Whiteford Completes Championship Climb

December 15, 2017

By Geoff Kimmerly
Second Half editor

Ottawa Lake Whiteford football had been building toward this.

Coach Jason Mensing took over a program in 2012 that had gone 4-5 the previous fall, and immediately the Bobcats doubled their wins to finish 8-2. Next came seasons of 9-3, 7-4, 10-3 and program’s first MHSAA Semifinal in 2015, and 13-1 with its only loss in the Division 8 championship game a year ago. 

And yet, for the bulk of this season Whiteford still had to look up at a few others, relatively speaking. Reigning champion Muskegon Catholic Central was most people’s favorite to win the division again – until the Crusaders lost their District Final to Mendon, which became the new favorite.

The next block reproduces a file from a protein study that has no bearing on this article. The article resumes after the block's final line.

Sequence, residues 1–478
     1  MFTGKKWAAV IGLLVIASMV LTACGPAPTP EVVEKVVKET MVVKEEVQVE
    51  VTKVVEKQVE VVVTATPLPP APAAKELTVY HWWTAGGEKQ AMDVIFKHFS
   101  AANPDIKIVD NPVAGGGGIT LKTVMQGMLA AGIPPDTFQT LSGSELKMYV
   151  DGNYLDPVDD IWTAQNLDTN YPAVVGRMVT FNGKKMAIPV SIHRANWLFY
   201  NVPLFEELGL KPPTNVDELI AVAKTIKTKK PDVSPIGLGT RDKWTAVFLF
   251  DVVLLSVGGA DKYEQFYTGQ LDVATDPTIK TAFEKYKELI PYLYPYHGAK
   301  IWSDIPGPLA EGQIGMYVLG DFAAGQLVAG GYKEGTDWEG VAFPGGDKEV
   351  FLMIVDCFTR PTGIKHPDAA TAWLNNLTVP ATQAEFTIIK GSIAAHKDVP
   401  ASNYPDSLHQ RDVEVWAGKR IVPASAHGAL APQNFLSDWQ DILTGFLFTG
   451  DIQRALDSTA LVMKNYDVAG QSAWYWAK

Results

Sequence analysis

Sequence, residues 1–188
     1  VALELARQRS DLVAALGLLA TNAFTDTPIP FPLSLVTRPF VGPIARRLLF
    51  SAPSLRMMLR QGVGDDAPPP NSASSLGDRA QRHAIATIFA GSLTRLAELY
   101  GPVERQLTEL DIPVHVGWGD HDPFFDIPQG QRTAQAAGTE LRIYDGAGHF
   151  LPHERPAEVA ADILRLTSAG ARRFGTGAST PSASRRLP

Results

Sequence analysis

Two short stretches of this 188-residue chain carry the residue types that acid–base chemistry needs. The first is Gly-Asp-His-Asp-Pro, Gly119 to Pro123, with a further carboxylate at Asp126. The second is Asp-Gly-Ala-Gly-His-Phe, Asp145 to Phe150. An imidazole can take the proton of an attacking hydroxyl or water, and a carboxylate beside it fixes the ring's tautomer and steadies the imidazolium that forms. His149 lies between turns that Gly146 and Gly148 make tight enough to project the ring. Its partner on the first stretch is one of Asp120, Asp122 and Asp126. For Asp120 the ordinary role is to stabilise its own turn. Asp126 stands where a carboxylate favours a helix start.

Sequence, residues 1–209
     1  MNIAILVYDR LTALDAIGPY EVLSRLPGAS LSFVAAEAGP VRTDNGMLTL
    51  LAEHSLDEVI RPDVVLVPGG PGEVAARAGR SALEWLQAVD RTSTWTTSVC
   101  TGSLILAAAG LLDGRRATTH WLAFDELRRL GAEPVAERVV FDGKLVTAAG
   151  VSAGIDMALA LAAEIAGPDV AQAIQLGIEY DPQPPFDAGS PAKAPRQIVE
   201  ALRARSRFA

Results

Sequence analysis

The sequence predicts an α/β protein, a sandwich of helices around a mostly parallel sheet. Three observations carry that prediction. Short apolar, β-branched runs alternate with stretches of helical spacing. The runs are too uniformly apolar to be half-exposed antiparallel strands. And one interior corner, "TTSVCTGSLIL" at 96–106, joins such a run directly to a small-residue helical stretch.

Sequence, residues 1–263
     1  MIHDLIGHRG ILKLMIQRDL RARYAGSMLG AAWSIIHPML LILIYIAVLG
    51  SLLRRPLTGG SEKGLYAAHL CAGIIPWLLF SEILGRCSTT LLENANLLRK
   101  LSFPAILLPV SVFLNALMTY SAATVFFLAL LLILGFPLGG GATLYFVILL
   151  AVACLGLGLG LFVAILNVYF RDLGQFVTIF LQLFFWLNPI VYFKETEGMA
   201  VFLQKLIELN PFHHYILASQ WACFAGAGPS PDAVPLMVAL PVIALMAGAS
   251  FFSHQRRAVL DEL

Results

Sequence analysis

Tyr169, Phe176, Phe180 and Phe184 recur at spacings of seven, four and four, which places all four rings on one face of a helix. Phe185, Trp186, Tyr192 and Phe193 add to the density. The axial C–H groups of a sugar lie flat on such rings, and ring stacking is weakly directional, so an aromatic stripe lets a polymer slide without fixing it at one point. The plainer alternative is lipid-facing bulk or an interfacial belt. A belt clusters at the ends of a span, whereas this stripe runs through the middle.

Meanwhile, Whiteford – the MHSAA/Applebee’s Team of the Month for November – bided its time until receiving its opportunity to make history. The Bobcats made the loudest statement with a 50-21 win over Mendon in their Semifinal on Nov. 17, and then assumed the top spot in Division 8 for the first time with a 42-21 championship game win over Saginaw Nouvel on Nov. 24 at Ford Field.

The Bobcats moving forward will still be looking up – but now at a championship banner to be hung and at a goal that certainly will seem more attainable now that they’ve achieved it for the first time.

“My hope is all the boys within our community and school see it and want to accomplish that for themselves,” said Mensing, also the school’s athletic director. “Obviously, it’s not realistic that it’s going to happen every year. But that aspiration for greatness and success … the idea that I can accomplish this, the idea I want this and I’m going to strive for it. Wherever you end up matters less (than) the pursuit of excellence.”